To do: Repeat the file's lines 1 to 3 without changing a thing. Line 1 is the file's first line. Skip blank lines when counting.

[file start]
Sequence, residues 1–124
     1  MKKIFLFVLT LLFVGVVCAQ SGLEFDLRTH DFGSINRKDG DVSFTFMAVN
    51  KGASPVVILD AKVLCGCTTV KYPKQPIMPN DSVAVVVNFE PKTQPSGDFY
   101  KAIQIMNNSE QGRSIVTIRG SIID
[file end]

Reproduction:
Sequence, residues 1–124
     1  MKKIFLFVLT LLFVGVVCAQ SGLEFDLRTH DFGSINRKDG DVSFTFMAVN
    51  KGASPVVILD AKVLCGCTTV KYPKQPIMPN DSVAVVVNFE PKTQPSGDFY